Perhaps Barack Obama meant it as a consolation prize. After passing over Tim Kaine for his running mate in favor of Joe Biden, Obama selected the Virginia Governor to succeed Howard Dean as the next chair of the DNC. Unless Kaine decides to resign as governor, that means that the Democrats will temporarily return to the figurehead model for leadership, which Andrew Malcolm explains:
Now, just two weeks before his inauguration, comes word from Democratic sources that President-elect Barack Obama later this week will name Virginia Gov. Tim Kaine as part-time chairman of the Democratic National Committee.
The appointment will reportedly come with the understanding that next year, when Kaine loses his governor’s job due to the state’s one-term limit, facing unemployment, he will become the full-time face of the DNC, which has a dual responsibility of frequent partisan attack dog in the media and prolific national party fundraiser.
The Democrats may not need a wall-to-wall chair at the moment, having completed a highly successful national campaign, but they will probably need one sooner than 2010. George Bush managed to keep his first mid-term election from following the historical pattern of loss to the party in power, but he had 9/11 the year before. Obama will need help from the DNC in order to compete in 2010, especially since he seemed very disinclined to campaign in the runoff elections following his November win. He doesn’t appear to have the Bush’s desire to be a party leader and President simultaneously, which is typical of American presidents, but leaves the DNC rudderless for at least a year.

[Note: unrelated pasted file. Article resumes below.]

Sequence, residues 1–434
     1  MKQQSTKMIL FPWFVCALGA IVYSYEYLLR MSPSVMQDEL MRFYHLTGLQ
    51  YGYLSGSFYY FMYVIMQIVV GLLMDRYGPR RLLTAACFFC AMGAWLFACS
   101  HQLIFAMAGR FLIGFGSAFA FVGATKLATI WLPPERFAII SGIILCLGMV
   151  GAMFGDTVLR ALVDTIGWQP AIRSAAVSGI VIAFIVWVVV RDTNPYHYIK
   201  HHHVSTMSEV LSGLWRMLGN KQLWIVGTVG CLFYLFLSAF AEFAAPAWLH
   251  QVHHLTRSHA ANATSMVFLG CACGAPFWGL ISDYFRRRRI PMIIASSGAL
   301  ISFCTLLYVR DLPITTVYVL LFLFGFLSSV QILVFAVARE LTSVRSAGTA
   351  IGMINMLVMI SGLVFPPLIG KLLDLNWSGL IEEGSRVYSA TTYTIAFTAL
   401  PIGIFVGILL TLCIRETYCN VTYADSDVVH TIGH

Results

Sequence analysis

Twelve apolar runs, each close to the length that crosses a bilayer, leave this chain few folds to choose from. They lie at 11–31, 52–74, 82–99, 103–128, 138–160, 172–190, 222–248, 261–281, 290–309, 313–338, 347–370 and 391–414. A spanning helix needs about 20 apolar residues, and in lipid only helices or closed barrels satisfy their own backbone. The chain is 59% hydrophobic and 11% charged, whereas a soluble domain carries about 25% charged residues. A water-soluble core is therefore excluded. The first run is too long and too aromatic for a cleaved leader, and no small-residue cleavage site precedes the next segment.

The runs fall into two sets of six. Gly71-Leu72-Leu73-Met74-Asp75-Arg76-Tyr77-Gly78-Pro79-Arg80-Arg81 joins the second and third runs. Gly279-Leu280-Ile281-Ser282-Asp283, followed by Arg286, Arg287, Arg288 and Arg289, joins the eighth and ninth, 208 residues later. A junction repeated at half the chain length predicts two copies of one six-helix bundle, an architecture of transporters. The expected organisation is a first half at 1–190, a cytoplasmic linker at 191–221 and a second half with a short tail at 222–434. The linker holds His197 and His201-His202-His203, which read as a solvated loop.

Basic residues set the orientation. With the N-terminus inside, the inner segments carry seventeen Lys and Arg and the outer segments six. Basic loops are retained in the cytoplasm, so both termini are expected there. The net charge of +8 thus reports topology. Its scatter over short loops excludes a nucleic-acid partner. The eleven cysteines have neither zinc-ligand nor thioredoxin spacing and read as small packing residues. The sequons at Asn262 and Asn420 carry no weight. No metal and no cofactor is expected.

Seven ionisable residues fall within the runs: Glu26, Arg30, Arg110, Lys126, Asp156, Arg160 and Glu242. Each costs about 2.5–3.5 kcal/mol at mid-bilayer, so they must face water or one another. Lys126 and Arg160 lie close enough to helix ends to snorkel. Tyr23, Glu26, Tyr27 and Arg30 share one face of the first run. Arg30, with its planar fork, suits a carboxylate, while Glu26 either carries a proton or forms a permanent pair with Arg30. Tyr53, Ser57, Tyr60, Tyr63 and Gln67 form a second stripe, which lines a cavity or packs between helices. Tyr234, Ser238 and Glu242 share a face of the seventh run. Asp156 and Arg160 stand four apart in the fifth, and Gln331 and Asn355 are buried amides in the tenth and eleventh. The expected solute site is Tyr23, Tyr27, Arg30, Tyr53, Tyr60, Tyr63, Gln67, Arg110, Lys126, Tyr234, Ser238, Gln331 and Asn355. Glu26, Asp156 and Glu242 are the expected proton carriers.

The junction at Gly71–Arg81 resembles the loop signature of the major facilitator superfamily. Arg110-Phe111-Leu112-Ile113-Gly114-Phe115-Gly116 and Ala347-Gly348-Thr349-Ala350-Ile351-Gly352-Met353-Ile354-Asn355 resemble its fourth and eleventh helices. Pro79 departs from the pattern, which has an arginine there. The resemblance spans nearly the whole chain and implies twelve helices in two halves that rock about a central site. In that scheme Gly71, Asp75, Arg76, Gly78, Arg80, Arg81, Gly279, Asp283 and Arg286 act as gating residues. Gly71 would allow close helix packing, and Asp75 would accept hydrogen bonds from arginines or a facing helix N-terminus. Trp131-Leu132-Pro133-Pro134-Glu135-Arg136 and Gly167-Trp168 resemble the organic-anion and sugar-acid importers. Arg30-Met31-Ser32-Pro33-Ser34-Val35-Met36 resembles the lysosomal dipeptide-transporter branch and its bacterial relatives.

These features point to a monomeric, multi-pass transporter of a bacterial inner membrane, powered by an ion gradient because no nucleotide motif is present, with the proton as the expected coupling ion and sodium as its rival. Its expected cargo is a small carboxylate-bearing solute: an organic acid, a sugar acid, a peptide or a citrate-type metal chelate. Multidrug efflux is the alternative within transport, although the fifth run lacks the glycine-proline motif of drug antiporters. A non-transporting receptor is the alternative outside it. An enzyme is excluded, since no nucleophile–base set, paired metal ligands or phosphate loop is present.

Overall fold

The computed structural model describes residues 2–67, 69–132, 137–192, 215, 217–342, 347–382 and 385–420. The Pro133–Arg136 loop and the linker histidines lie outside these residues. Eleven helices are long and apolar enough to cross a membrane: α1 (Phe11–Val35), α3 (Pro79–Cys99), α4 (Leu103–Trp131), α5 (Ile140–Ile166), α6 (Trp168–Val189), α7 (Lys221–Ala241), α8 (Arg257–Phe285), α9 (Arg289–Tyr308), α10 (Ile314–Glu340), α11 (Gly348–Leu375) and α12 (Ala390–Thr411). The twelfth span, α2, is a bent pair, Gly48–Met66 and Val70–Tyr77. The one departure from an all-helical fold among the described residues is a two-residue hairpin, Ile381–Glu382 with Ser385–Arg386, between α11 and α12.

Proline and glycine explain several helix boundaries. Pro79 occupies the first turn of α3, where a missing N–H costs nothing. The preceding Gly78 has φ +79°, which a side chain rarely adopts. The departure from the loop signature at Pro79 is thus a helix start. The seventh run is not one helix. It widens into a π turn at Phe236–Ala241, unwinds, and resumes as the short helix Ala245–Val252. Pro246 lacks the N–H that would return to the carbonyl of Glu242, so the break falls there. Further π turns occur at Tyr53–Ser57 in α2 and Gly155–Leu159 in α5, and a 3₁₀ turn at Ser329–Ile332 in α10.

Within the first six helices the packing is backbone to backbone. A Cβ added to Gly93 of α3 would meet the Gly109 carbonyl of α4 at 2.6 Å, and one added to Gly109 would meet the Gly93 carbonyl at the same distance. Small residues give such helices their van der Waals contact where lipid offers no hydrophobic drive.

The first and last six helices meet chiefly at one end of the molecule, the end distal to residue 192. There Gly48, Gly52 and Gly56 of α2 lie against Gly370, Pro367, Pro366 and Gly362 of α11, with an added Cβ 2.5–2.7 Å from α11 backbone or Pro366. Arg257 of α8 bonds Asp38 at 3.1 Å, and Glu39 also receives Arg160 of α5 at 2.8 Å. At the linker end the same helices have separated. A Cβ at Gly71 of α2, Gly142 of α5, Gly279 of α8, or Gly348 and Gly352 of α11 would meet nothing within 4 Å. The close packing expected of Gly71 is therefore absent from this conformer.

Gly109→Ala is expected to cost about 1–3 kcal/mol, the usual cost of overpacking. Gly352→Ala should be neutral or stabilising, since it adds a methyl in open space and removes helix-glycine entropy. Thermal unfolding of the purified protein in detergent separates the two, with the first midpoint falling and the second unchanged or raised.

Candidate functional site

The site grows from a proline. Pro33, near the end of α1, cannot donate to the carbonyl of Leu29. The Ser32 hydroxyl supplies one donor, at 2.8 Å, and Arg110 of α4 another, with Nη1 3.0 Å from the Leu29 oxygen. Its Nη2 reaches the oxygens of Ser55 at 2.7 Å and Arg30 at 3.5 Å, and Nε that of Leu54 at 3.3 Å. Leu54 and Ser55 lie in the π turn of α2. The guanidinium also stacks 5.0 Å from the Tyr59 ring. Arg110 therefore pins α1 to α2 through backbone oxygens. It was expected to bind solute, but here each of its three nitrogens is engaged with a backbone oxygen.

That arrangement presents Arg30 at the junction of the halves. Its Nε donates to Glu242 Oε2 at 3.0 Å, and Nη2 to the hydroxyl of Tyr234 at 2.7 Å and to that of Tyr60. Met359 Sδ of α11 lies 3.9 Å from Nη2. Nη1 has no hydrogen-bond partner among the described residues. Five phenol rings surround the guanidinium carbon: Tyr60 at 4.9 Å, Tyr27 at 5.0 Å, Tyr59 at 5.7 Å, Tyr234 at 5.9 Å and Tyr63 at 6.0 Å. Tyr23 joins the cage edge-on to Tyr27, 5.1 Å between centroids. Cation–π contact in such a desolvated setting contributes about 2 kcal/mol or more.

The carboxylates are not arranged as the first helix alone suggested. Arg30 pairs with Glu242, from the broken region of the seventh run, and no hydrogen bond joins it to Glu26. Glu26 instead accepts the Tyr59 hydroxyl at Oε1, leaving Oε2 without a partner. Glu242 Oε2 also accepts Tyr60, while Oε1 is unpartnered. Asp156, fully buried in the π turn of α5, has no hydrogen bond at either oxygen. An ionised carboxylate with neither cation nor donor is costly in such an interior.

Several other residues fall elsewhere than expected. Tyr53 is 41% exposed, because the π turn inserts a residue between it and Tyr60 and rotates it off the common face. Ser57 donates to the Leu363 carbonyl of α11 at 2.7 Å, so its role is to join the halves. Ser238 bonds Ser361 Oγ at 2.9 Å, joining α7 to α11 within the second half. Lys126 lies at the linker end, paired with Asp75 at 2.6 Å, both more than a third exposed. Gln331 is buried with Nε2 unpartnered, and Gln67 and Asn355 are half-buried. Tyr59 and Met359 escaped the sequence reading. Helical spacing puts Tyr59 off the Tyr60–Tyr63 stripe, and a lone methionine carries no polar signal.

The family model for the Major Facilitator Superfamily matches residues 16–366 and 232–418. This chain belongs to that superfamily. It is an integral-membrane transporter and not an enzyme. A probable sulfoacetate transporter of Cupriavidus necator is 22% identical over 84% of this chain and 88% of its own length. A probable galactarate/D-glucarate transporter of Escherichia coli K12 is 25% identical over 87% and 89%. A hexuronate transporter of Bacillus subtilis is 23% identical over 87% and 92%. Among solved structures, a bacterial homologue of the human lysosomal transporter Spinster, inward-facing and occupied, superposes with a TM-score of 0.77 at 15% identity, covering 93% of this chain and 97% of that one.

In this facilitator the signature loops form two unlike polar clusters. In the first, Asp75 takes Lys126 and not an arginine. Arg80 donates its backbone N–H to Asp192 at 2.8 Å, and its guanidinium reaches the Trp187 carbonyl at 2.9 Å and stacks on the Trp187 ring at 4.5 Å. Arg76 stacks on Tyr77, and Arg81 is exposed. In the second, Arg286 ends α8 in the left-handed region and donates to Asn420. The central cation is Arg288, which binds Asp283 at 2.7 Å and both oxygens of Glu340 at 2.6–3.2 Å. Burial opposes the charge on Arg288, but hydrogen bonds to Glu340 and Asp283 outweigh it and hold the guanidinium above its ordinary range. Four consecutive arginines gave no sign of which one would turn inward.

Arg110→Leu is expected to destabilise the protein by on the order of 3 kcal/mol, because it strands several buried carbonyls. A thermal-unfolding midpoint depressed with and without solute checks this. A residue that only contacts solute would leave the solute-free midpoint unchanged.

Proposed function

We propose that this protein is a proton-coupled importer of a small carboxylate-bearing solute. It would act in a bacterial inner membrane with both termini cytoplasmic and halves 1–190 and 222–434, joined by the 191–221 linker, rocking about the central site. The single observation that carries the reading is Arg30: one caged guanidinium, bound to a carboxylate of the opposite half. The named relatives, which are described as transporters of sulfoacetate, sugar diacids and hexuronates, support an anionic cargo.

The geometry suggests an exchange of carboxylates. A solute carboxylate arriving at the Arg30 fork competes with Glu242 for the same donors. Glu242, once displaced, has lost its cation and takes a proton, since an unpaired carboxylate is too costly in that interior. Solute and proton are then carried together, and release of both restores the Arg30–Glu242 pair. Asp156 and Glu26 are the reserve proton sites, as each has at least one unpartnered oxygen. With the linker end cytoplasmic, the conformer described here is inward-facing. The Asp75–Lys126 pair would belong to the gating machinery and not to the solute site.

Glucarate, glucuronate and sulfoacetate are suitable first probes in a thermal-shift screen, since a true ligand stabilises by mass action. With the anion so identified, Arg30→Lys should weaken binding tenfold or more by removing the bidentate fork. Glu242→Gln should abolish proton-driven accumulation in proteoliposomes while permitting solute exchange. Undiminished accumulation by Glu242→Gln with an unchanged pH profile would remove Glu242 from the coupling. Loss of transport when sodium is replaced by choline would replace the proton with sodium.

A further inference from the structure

Beyond that, why Kaine? He had been picked as an up-and-comer when he first won in Virginia, but the party cooled on him somewhat after a stiff, unimpressive performance in a State of the Union response shortly afterward. Unlike Dean, Kaine has never run a national campaign and has no particular experience as a talking-head show regular. Dean proved his organizational skills and his forward thinking in his presidential primary run, as well as his expertise in communications. Kaine has done little in that regard, and unless it’s the best-kept secret in Virginia, little in national fundraising as well.
Kaine’s selection suggests that someone else will run the DNC in Kaine’s stead, perhaps even after Kaine takes the reins. I’d bet that Kaine takes a lot of orders from David Axelrod between now and 2010. That dynamic will be interesting, as the Democrats spent the last eight years demonizing Karl Rove for his political work during the Bush administration. Will they feel just as outraged when one of their own does the same thing? Don’t hold your breath.